Saxagliptin overview: special focus on safety and adverse effects

@article{Ali2013SaxagliptinOS,
  title={Saxagliptin overview: special focus on safety and adverse effects},
  author={Shamsa Ali and Vivian A. Fonseca},
  journal={Expert Opinion on Drug Safety},
  year={2013},
  volume={12},
  pages={103 - 109}
}
Introduction: Saxagliptin (see drug summary box) is a glucose-lowering agent that belongs to the class of Dipeptidylpeptidase-4 (DDP-4) inhibitors used in the treatment of T2DM. Clinical efficacy of saxagliptin as single agent as well as in combination with other medications used for the treatment of T2DM has been well established in several randomized trials. Treatment with saxagliptin is effective, generally safe and well tolerated, apart from a small increase in the incidence of infections… 

Saxagliptin for the treatment of diabetes - a focus on safety

The tolerability and safety profile of Saxagliptin, a potent and selective DPP-4 inhibitor that has emerged as a therapeutic option for T2D, is discussed, including cardiovascular, renal, pancreatic, hepatic and bone adverse events.

SAXAGLIPTIN: A SYSTEMATIC REVIEW ON ITS PHARMACOLOGICAL POTENTIAL AND ANALYTICAL ASPECTS

The selective, reversible dipeptidyl peptidase-4 inhibitor Saxagliptin and its active metabolite M2 are used to improve the glycaemic control in type 2 diabetic patients.

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All currently available dipeptidyl peptidase-4 (DPP-4) inhibitors appear to be appropriate pharmacotherapeutic choices in patients with declining renal function, with linagliptin affording the added advantage of not requiring dose adjustment or periodic monitoring of drug-related kidney function, while caution is warranted with the use of glucagon-like peptide-1 (GLP-1) receptor agonists in Patients with moderate or severe renal impairment.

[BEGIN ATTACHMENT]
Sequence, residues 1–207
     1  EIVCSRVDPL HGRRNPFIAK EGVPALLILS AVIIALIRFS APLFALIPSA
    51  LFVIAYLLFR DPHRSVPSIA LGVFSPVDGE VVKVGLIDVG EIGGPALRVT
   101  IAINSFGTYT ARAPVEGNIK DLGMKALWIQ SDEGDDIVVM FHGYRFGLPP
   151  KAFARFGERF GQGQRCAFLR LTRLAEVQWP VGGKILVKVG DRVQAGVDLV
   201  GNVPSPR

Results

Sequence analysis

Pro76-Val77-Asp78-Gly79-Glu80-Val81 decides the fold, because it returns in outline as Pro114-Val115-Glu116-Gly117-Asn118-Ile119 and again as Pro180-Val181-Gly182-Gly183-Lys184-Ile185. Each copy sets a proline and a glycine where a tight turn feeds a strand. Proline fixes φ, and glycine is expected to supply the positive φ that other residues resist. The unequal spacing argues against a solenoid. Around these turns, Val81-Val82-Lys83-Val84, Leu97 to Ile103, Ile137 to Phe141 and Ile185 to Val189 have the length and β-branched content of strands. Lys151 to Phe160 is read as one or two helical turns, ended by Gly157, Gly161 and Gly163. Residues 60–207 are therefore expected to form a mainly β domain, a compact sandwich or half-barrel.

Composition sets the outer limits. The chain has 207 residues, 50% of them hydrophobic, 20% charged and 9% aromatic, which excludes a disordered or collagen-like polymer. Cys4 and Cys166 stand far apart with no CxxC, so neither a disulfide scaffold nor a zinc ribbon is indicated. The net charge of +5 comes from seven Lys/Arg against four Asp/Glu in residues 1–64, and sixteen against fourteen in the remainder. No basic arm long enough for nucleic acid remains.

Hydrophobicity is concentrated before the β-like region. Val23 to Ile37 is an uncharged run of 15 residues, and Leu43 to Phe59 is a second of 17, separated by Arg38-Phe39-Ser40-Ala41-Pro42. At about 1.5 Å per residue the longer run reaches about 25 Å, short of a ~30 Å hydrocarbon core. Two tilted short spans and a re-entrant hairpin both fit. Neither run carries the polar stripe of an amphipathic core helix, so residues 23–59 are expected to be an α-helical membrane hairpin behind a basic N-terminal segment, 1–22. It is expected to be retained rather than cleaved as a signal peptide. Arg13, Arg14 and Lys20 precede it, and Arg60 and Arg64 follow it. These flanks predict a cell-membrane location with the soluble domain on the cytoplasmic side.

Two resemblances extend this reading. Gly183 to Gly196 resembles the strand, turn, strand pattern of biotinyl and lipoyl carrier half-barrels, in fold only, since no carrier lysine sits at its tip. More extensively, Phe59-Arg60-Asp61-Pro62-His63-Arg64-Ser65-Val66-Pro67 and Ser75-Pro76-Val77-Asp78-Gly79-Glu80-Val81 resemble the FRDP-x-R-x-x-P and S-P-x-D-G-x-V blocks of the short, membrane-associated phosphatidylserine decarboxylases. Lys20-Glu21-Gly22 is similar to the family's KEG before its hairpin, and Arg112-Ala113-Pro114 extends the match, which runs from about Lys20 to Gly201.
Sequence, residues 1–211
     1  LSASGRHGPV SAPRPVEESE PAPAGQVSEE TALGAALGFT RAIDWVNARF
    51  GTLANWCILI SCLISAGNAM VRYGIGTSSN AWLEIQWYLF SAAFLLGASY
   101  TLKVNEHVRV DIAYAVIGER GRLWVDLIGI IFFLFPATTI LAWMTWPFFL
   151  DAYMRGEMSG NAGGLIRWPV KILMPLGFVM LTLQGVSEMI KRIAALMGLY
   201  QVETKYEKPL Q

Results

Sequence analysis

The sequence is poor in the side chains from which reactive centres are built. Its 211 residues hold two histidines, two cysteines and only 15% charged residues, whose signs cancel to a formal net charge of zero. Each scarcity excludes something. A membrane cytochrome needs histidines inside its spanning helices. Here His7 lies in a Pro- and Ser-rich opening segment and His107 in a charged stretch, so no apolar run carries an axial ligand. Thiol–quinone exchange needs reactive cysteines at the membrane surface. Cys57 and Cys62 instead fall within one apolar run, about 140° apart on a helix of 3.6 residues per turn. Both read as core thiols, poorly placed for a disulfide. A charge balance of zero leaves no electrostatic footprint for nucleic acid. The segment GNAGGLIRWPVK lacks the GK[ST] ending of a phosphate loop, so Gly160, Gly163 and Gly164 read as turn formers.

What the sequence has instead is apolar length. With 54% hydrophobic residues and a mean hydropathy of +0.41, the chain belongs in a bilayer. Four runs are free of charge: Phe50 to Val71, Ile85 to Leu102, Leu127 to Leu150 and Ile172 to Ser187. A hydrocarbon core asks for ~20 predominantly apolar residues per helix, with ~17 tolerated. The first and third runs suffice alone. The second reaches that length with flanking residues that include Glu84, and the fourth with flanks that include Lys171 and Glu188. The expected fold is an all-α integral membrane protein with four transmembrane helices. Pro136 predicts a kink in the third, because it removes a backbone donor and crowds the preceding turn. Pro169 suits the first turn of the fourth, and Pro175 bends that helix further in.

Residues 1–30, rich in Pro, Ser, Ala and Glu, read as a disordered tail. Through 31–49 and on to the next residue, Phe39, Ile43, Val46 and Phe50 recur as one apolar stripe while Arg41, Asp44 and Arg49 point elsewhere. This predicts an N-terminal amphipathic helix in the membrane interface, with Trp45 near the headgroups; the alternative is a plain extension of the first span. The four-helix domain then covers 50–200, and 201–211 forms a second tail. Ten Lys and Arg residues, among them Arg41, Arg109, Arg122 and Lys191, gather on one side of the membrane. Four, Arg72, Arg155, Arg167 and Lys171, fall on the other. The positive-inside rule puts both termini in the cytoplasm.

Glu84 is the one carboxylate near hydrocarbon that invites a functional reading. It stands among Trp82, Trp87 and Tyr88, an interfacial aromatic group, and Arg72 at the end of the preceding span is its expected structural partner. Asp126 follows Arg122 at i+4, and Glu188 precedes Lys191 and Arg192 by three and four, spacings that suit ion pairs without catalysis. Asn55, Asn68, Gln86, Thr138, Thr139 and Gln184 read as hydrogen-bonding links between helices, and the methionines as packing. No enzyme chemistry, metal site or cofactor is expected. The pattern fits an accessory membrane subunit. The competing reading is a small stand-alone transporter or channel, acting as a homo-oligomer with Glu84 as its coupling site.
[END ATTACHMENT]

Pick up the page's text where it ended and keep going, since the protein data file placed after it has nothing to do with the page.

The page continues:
Pharmacokinetics, safety, and efficacy of DPP-4 inhibitors and GLP-1 receptor agonists in patients with type 2 diabetes mellitus and renal or hepatic impairment. A systematic review of the literature

All currently available dipeptidyl peptidase-4 (DPP-4) inhibitors appear to be appropriate pharmacotherapeutic choices in patients with declining renal function, with linagliptin affording the added advantage of not requiring dose adjustment or periodic monitoring of drug-related kidney function, while caution is warranted with the use of glucagon-like peptide-1 (GLP-1) receptor agonists in Patients with moderate or severe renal impairment.

Pharmacokinetics and Clinical Use of Incretin-Based Therapies in Patients with Chronic Kidney Disease and Type 2 Diabetes

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The already large reassuring experience with DPP-4 inhibitors in patients with CKD offers new opportunities to the clinician, whereas more caution is required with GLP-1 receptor agonists because of the limited experience in this population.

References